OIC foreign ministers to meet in Abu Dhabi

Secretary-General Dr. Yousef bin Ahmad Al-Othaimeen said reaching higher levels of development and prosperity for member states are among the most important pillars of the OIC’s economic program. (SPA)
Updated 19 February 2019

OIC foreign ministers to meet in Abu Dhabi

  • The meeting will be held in UAE’s capital from March 1

JEDDAH: The foreign ministers of Organization of Islamic Cooperation (OIC) member states will meet in Abu Dhabi on March 1-2 to discuss the OIC’s role in promoting development in member states.
Secretary-General Dr. Yousef bin Ahmad Al-Othaimeen said reaching higher levels of development and prosperity for member states, and strengthening economic and trade relations between them, are among the most important pillars of the OIC’s economic program.
“Economic cooperation between OIC member states is based on the established connection between development and peace, security and stability,” he added.
Al-Othaimeen cited the number of member states (57), and the diversity of their natural sources, as positive factors in terms of economic cooperation.
To improve economic and social cooperation between member states, he called for the implementation of joint programs to mobilize resources and maximize opportunities.
The foreign ministers will discuss the effectiveness and adoption of the OIC’s various programs and measures.
They will also highlight their national priorities for economic development, and areas of convergence with the OIC’s objectives, plans and programs.
The ministers will discuss activating different financing mechanisms, and the development and marketing of Islamic financial products and other innovative financing tools.
They will also explore the active participation of community-based organizations in developing the rural sector; promoting employment of the youth, women and vulnerable people; promoting economic best practices; improving the quality of human resources; and providing appropriate institutional frameworks for national economic development strategies.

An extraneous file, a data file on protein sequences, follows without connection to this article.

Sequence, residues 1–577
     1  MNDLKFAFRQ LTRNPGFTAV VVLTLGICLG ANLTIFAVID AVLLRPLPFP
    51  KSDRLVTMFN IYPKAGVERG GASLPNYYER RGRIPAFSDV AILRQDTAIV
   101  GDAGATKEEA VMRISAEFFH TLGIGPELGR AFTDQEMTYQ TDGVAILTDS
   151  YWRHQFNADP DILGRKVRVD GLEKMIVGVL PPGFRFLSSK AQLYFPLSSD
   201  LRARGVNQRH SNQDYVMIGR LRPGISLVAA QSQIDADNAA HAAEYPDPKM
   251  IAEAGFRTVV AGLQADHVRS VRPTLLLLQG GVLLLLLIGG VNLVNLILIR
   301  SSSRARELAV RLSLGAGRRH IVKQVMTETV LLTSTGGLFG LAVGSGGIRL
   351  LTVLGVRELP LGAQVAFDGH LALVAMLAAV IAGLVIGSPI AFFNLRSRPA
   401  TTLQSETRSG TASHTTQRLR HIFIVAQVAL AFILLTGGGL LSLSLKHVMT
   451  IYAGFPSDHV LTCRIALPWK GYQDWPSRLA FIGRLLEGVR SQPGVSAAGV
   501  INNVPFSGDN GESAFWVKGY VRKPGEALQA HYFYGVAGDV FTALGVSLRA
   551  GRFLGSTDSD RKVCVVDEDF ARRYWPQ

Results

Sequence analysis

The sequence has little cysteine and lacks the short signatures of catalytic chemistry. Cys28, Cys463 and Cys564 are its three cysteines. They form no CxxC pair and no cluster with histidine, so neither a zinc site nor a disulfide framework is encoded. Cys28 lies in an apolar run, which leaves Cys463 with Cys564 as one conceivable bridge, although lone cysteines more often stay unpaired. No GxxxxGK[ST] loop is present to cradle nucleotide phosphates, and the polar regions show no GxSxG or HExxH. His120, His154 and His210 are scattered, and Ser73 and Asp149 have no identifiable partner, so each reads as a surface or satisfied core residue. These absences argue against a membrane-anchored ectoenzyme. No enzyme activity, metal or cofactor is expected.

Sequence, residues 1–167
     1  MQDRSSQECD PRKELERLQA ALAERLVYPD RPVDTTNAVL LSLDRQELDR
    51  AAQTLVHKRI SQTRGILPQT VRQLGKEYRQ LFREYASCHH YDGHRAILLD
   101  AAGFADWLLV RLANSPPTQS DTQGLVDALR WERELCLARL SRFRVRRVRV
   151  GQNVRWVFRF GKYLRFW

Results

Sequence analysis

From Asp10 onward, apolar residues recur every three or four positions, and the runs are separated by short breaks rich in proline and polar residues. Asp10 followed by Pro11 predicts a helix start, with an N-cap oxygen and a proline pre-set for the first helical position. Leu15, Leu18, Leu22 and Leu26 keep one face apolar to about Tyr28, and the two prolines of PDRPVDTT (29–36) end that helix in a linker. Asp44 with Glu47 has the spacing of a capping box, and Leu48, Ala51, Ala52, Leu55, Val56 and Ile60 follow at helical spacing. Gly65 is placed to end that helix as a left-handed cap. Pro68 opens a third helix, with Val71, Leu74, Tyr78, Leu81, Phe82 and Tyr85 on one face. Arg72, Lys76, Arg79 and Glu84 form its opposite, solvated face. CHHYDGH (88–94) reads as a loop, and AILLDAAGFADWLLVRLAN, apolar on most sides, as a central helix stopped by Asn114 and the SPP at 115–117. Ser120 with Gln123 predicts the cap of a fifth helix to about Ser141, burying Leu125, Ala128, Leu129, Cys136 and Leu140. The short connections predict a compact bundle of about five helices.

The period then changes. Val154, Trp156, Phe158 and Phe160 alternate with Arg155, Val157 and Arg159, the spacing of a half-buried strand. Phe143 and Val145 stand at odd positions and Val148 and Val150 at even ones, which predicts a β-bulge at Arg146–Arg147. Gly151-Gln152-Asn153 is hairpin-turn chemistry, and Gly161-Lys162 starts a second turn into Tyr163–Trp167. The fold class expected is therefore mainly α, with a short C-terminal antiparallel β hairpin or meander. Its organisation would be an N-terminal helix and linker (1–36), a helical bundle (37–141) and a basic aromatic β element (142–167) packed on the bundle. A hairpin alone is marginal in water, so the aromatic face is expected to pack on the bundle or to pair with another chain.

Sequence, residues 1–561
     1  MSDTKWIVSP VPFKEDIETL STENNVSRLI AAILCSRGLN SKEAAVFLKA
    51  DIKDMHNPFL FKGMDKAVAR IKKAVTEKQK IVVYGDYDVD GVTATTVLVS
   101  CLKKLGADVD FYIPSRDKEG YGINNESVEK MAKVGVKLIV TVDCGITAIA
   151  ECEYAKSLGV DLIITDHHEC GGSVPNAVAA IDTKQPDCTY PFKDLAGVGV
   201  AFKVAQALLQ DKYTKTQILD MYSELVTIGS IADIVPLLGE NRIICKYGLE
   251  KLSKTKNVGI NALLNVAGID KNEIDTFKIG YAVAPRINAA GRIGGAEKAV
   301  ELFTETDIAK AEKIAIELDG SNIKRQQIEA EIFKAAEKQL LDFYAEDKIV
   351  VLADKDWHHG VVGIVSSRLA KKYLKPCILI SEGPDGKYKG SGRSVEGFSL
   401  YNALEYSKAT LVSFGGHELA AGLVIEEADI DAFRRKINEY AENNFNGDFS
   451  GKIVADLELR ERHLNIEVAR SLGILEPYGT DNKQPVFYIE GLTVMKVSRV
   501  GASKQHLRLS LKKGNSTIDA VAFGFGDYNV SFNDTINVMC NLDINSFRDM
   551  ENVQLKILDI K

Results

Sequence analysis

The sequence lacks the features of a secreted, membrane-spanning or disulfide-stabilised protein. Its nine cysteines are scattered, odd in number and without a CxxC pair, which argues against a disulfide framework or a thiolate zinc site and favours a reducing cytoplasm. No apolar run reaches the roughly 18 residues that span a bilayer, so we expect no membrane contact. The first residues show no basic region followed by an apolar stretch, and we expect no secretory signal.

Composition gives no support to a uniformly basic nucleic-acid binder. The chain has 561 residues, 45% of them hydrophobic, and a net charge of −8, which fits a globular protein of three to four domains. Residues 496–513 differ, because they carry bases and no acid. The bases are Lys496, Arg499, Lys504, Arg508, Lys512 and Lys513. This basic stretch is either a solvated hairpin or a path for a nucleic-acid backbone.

Former PM calls for overhaul of Turkey in challenge to Erdogan

Updated 18 min 12 sec ago

Former PM calls for overhaul of Turkey in challenge to Erdogan

  • Davutoglu said Turkey’s judiciary had turned into a mechanism “feared rather than trusted” and that its economy was in “deep crisis”
  • Without naming Erdogan, he sharply criticized the concentration of power around a leader who has ruled Turkey since early 2003

ANKARA: Turkey’s ex-premier Ahmet Davutoglu took aim at his former boss Tayyip Erdogan on Friday, saying the country was being held back by a concentration of power, economic crisis and an atmosphere of fear as he called for an overhaul of the political system.
“Those ruling Turkey have no agenda other than staying in power,” Davutoglu said as he announced his new party, which could further erode support for Erdogan after his ruling AKP suffered election setbacks in local elections earlier this year.
A day after applying to establish the breakaway Future Party, Davutoglu said Turkey’s judiciary had turned into a mechanism “feared rather than trusted” and that its economy was in “deep crisis.”
Davutoglu, 60, announced his resignation from the Islamist-rooted AKP in September, saying the party which has dominated Turkish politics for 17 years was no longer able to solve the country’s problems and was stifling internal debate.
“Despite all the pressure and the atmosphere of fear which they have tried to create...we have come together to set out a democratic and prosperous future for our country,” he said.
Davutoglu served as prime minister from 2014 to 2016, before falling out with the president and being replaced by another Erdogan loyalist as Turkey moved to a presidential system.
Without naming Erdogan, he sharply criticized the concentration of power around a leader who has ruled Turkey since early 2003, first as prime minister and then as president.
“The presidential system was constructed with the thought of transferring as much power as possible to the executive and increasing influence over the legislative and judiciary,” he said.
He said it was essential to fight corruption and guarantee the separation of powers, adding that efforts to control the judiciary must be seen as “the greatest of crimes.”
“We defend a democratic parliamentary system,” he added, calling for a new constitution.
Davutoglu resigned two months after former deputy prime minister Ali Babacan also left the AKP, citing deep differences. Babacan will announce his own rival political party within weeks, a source close to him said.
Polls show support for the new parties and their leaders in single percentage point figures, meaning they could pose little challenge to Erdogan and the AKP on their own.
However, after defeat in mayoral elections in Ankara and Istanbul this year, and with economic difficulties eroding his voter base, any loss of support could hit efforts to extend Erdogan’s rule. Elections are not scheduled until 2023.